My thanks to Thomas Hare, William Sauter LaPorte ’28 Professor in Regional Studies, Professor of Comparative Literature; and to Eileen Reeves, Professor and Chair of Comparative Literature and an Associate Member of the Program in the History of Science at Princeton University.
Professor Hare has offered a bit more information on Shin Moyô Hînagata, which was posted a few days ago: https://graphicarts.princeton.edu/2016/07/30/shin-moyo-hinagata/. He agreed to let me pass it on:
The charming little book you and Graphic Arts have discovered is a pattern book of sorts. The title means something like New Patterns in Miniature, and the writing seems, at least in some cases, to number individual drawings (the numbers 8 and 9 are clear to read on the second full spread, the one of, I think, magnolias and some kind of little red flower.) I can’t make out the second graph on these pages very well, although it could possibly be two graphs combined, the second of which might be the -ta from [Hina]-gata. That word, in the title, btw, could also be read Hiinagata (or Hînagata, with a macron rather than the circumflex I’ve typed in ignorance of how to type a macron in email) I think that would be better that way, purely for euphony (5/5 rather than 5/4 syllables).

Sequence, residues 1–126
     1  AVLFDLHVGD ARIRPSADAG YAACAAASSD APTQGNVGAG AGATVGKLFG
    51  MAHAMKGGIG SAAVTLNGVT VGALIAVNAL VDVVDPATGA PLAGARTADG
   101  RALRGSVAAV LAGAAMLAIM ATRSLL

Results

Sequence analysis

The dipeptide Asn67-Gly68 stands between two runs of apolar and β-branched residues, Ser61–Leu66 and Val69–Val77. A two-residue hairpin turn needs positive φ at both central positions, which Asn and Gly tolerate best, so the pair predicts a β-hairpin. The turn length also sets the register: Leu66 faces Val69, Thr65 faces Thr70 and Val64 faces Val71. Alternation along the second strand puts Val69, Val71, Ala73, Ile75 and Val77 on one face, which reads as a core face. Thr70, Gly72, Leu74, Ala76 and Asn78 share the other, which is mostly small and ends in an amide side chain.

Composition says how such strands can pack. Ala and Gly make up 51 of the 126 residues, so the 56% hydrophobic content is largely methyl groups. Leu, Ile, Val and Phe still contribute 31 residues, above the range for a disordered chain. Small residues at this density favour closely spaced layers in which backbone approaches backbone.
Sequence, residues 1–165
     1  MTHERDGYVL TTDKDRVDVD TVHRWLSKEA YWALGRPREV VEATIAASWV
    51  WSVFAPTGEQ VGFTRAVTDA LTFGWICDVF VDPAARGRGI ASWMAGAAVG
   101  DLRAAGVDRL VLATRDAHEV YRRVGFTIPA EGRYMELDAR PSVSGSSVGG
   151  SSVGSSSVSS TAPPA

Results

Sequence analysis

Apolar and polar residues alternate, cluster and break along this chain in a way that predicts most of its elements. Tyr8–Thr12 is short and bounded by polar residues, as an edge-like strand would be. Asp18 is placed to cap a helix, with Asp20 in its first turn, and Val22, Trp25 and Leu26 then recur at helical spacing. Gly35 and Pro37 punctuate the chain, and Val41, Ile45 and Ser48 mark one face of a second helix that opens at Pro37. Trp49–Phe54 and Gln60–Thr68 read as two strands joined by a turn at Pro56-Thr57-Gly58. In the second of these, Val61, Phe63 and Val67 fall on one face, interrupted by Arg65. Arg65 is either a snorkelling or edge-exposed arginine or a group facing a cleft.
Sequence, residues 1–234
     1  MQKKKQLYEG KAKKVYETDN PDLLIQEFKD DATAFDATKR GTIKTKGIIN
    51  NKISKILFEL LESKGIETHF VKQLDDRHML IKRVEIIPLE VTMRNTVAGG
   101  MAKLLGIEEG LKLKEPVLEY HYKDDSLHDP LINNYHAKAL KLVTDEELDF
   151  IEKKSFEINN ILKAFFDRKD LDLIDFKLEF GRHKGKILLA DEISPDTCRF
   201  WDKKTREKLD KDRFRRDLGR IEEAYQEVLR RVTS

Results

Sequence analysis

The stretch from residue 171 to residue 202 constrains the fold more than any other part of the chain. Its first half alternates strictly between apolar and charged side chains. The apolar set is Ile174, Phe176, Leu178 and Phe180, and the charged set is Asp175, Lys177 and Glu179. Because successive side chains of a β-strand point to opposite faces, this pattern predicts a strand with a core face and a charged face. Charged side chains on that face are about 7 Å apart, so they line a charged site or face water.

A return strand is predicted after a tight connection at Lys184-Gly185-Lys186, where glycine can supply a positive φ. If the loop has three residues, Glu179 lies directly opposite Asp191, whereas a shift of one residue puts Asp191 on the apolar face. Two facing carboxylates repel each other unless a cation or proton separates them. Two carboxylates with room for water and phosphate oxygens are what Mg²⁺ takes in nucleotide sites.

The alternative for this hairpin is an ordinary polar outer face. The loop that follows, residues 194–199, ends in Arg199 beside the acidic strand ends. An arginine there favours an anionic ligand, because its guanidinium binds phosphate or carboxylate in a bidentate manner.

The little words with repeat marks next to the little brown bird on the second (single) page read “chû, chû, chû, etc.” and are onomatopoeia for the bird’s chirping.
. . . I particularly like the one with the brown bird, because in ancient Japanese texts, incomprehensible speech (such as that of peasants from the point of view of the lofty Genji) is said to sound like the chirping of birds. This is a purely random association, but it does gesture toward our many languages, and toward the old Japanese conceit that all sentient creatures are endowed with the capacity to produce poetry.